Johannesburg’s electricity utility City Power is warning that the current structure of South Africa’s electricity sector is unsustainable and that, in the absence of a coherent national policy, the sector is approaching “breaking point”.
Demand- and supply-side manager Paul Vermeulen says that municipal distributors, along with Eskom, are facing major technological, demand and tariff “disruption” and that the prospect of “forced restructuring” is now chillingly real.
He attributes the crisis to the stagnation in distributor-level consolidation and the lack of progress in advancing the Independent System and Market Operator (ISMO) legislation. The ISMO is seen as a necessary condition for facilitating competition among generators, as it would be an independent body that buys electricity from Eskom and independent power producers (IPPs).
Eskom’s “uncompetitive tariffs” are likely to result in an increasing number of municipalities challenging the current single-buyer model, a Cabinet decision of 2007 which stipulates that Eskom act as that buyer, and an interpretation of Section 34 of the Electricity Regulation Act that a ministerial determination is required for all new generating plant. Already the City of Cape Town is taking Energy Minister Mmamoloko Kubayi to court over her insistence that the city refrain from buying electricity directly from renewable-energy IPPs.
The City of Cape Town has set a target to source at least 20% of its energy from renewable sources by 2020. In the event they meet the target, the city could, according to a mini-integrated resource plan produced by the Council for Scientific and Industrial Research, realise yearly savings of R500-million on their bulk energy purchases from 2023 onwards.
The warning comes amid Eskom’s request for a further 19.9% hike as from April 2018, which will translate to a 27.5% hike to municipalities from July 1, which is the date that municipalities are allowed, in terms of the Municipal Finance Management Act, to implemented increases.
Vermeulen warns that such steep increases on the back of increases that have already been absorbed by consumers over the past number of years will have consequences for municipalities, some of which already lack the customer mix to make viable the cross subsidisation of poor consumers. In the absence of distributor-level consolidation the prospect of failure is heightened, particularly for smaller municipalities, where there is little or no technical capacity to operate the network.
However, the hike will also accelerate moves by better resourced municipalities to pursue city-level or regional integrated resource planning, whereby other sources of supply will be procured for both cost containment and environmental reasons.
Vermeulen forecasts that, as renewable energy becomes cheaper than Eskom supply, South Africa’s electricity sector will be disrupted by the ‘four D’s’ of decentralisation, democratisation, digitalisation and decarbonisation, a global industry trend identified by the ‘Wise Minds’ report from the UK. In response, cities will seek to include distributed supply options as part of a drive to secure “least-cost” supply.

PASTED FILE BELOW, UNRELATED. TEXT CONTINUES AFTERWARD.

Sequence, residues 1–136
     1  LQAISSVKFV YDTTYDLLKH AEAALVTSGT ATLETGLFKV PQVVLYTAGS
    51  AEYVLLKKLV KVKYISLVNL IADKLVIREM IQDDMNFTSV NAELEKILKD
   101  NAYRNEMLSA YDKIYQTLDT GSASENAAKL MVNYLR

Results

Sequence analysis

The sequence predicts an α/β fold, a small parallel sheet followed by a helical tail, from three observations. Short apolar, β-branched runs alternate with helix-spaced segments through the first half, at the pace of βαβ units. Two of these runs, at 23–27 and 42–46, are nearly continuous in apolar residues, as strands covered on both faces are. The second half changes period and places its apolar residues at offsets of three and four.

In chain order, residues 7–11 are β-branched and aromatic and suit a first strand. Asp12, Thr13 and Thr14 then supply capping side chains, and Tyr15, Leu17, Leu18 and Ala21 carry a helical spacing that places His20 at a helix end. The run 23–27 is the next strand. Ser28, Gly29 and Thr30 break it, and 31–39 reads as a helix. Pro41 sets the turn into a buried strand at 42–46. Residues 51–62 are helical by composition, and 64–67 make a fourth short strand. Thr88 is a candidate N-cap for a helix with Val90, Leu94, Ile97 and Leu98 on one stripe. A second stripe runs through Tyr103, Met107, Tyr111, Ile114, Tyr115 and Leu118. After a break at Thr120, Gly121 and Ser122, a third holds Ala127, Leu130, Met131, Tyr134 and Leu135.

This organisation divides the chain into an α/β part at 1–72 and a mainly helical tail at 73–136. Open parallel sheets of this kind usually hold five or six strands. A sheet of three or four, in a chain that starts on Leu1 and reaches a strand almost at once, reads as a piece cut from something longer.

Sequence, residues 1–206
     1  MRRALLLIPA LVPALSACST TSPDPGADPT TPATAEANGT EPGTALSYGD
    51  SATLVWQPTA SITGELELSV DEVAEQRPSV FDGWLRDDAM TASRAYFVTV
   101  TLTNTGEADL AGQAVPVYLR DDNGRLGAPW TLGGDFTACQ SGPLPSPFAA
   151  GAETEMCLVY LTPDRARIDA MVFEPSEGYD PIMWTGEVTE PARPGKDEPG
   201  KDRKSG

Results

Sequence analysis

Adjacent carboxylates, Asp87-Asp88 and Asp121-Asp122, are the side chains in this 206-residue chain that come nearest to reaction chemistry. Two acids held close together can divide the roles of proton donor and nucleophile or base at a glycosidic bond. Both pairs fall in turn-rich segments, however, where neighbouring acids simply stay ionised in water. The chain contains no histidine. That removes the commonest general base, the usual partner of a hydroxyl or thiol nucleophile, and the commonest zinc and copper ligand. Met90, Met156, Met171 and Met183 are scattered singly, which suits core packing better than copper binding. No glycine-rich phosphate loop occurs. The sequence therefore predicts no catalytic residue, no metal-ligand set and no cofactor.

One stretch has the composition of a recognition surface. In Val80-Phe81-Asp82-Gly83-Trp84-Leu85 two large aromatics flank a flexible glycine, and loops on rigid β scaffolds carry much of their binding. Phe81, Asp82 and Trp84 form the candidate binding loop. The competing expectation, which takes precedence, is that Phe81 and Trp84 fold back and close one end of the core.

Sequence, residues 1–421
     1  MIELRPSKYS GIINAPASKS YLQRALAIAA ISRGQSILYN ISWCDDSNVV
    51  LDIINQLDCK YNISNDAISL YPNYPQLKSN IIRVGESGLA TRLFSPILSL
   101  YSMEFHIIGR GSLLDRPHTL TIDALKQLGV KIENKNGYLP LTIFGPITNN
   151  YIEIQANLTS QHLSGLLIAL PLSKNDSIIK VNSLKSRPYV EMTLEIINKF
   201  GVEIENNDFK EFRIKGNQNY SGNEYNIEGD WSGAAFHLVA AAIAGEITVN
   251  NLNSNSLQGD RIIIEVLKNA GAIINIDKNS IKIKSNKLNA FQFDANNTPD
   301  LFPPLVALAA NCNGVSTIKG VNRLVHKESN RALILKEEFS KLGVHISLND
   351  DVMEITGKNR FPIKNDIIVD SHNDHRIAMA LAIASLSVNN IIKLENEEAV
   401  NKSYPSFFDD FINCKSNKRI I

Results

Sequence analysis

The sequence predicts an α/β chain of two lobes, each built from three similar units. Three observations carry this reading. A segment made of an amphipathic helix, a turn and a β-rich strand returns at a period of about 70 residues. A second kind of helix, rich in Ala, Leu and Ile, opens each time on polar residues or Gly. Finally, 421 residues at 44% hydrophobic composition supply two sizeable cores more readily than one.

He also predicts that some municipal or regional distributors are likely to become experts in the use of utility-scale storage to balance their networks and avoid “punitive” peak utility tariffs.
“Energy storage is of key value to future metropolitan energy security,” Vermeulen averts, adding that emphasis will also be given to the development of “flexible loads” through the use of smart-grid technology.
However, cities will also need to combat the current perception of grid defection being the answer to “going green”, when in fact the most efficient future green-energy solution includes the grid. Retaining affluent customers will depend on the grid being available for seamless supply to load balancing services and as a marketplace for them to realise value for their surplus generation. “The grid has to provide the green-energy investor a place to trade their surplus energy and optimise their investment.”
That said, there is also an opportunity to use cost-effective micro-grid and off-grid options to electrify communities where the cost of new connections to the grid, as well as the maintenance of that connection, becomes prohibitive.
The initial cost to install a grid connection is around R24 000. City Power’s preliminary cost of supply study indicates that around R10 000 a year is required to maintain the grid to each household thereafter, and then subsidised energy needs to be sourced from the national grid to make the system work.
“If a five-year term is considered, the R75 000 cost may be better spent on a solar photovoltaic electricity system for light utilities and a bottled gas system for cooking and heating, provided communities accept such an alternative,” Vermeulen muses.